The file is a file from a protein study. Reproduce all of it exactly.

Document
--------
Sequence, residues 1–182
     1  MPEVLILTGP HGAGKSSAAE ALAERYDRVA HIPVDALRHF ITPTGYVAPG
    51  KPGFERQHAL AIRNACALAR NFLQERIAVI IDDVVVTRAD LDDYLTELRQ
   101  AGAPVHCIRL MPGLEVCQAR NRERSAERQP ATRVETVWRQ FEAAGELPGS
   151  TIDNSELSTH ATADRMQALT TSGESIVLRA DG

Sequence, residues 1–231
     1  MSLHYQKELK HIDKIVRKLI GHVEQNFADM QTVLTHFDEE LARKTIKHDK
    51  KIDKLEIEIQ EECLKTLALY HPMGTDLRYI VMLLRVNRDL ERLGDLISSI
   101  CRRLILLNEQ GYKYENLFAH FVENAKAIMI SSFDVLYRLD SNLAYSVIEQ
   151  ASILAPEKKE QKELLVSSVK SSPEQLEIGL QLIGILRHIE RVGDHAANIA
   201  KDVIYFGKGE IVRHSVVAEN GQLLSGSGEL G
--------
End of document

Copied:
Sequence, residues 1–182
     1  MPEVLILTGP HGAGKSSAAE ALAERYDRVA HIPVDALRHF ITPTGYVAPG
    51  KPGFERQHAL AIRNACALAR NFLQERIAVI IDDVVVTRAD LDDYLTELRQ
   101  AGAPVHCIRL MPGLEVCQAR NRERSAERQP ATRVETVWRQ FEAAGELPGS
   151  TIDNSELSTH ATADRMQALT TSGESIVLRA DG

Sequence, residues 1–231
     1  MSLHYQKELK HIDKIVRKLI GHVEQNFADM QTVLTHFDEE LARKTIKHDK
    51  KIDKLEIEIQ EECLKTLALY HPMGTDLRYI VMLLRVNRDL ERLGDLISSI
   101  CRRLILLNEQ GYKYENLFAH FVENAKAIMI SSFDVLYRLD SNLAYSVIEQ
   151  ASILAPEKKE QKELLVSSVK SSPEQLEIGL QLIGILRHIE RVGDHAANIA
   201  KDVIYFGKGE IVRHSVVAEN GQLLSGSGEL G